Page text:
6. Could a meteor have gone ahead of the Magi or, alternatively, appeared to have gone ahead of the Magi on their journey from Jerusalem to Bethlehem (Matt. 2:9) skip to
    7. Could a meteor have been seen “stopped over” (NIV, NLT), standing over (ASV, KJV) or resting over (ESV) “the place where the child was” (Matt. 2:9) skip to

Consideration No. 1

Does the appearance of a meteor reasonably explain why Magi from the east arrived in Jerusalem looking for “one born king of the Jews” (Matt. 2:1-2)? (more>>)

As noted by Christian astronomer Hugh Ross (a proponent of the recurring nova candidate for the Christmas “starmore), many scholars believe the Magi were ancient astronomers from Babylon or Persian (more). [See, Hugh Ross, “The Christmas Star, (updated 11/2010)]

Magi from Babylon or Persia may have been anticipating the coming of the Messiah (the Anointed One) based on Daniel’s prophecy concerning the coming Messiah (see, Dan. 9:25).  This prophecy was made by Daniel after he was transported from Jerusalem to Babylon following King Nebuchadnezzar’s siege of Jerusalem (more) [See, Hugh Ross, “The Christmas Star, (updated 11/2010)]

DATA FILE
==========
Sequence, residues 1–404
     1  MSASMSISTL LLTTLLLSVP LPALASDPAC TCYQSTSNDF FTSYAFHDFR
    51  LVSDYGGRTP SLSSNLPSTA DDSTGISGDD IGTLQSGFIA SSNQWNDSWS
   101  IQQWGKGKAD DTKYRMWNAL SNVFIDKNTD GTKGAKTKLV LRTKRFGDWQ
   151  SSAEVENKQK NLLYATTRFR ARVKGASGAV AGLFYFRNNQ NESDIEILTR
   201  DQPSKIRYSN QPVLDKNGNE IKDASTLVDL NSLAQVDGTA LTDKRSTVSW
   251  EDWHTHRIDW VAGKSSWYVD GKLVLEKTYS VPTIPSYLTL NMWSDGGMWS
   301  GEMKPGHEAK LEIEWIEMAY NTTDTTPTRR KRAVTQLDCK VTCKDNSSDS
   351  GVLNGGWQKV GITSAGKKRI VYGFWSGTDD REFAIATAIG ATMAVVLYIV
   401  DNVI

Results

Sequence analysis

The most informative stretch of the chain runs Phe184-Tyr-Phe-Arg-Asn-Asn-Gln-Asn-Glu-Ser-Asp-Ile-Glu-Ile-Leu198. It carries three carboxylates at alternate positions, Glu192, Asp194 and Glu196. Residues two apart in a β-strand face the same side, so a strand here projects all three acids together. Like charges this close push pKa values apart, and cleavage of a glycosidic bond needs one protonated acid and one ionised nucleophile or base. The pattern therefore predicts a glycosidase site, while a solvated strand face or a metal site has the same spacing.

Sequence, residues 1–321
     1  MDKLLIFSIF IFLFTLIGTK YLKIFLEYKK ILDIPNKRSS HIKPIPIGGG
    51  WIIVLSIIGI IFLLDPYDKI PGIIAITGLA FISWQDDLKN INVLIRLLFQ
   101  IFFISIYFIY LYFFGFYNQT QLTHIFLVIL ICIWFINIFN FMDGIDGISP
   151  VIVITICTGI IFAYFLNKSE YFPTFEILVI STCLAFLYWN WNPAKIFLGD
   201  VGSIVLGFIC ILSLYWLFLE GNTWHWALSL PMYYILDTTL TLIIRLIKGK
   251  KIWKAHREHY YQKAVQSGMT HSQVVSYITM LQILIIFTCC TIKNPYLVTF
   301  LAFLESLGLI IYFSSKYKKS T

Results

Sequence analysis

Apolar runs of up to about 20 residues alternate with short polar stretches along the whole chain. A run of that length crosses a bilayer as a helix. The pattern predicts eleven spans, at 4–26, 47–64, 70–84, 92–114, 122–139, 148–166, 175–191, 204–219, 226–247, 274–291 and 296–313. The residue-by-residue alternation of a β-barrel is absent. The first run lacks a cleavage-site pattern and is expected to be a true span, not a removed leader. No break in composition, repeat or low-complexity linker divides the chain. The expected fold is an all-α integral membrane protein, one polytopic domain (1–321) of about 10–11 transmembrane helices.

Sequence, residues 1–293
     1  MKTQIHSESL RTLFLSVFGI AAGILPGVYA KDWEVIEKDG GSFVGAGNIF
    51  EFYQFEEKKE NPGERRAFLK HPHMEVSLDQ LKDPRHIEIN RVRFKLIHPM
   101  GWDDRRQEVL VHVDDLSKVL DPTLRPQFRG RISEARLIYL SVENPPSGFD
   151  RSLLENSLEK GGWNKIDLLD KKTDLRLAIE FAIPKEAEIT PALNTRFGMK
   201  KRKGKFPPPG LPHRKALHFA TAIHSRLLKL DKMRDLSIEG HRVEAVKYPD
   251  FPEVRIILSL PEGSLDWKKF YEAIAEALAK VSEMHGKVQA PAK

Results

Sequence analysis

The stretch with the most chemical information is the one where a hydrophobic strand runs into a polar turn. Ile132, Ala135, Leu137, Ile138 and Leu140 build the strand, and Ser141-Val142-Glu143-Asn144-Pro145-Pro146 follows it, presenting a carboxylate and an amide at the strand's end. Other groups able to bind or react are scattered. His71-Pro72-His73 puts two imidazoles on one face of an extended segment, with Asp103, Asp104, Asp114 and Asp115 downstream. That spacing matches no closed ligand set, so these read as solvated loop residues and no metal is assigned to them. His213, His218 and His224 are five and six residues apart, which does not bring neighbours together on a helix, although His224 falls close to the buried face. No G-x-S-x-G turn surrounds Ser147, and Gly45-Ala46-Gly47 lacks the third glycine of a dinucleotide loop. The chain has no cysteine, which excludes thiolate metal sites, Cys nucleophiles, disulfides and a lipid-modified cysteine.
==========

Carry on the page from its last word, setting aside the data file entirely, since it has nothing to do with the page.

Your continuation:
It is further suggested that Magi from Babylon or Persia may have been especially interested in the coming of a Jewish king because they may have been part of the legacy of Jews who had been transported from Jerusalem to Babylon along with Daniel (more>>). [See, Hugh Ross, “The Christmas Star, (updated 11/2010)]

If the Magi were anticipating the coming of the Messiah as prophesied by the prophet Daniel, the Magi may have interpreted the appearance of a meteor as signifying the birth of a “king of the Jews” especially if the meteor was observed in relation to one or more other celestial objects associated with:

    • A king — e.g., 1) Jupiter (the King Planet), 2) Regulus (the King Star) or 3) the Leo Constellation (the Royal Constellation);
    • A birth;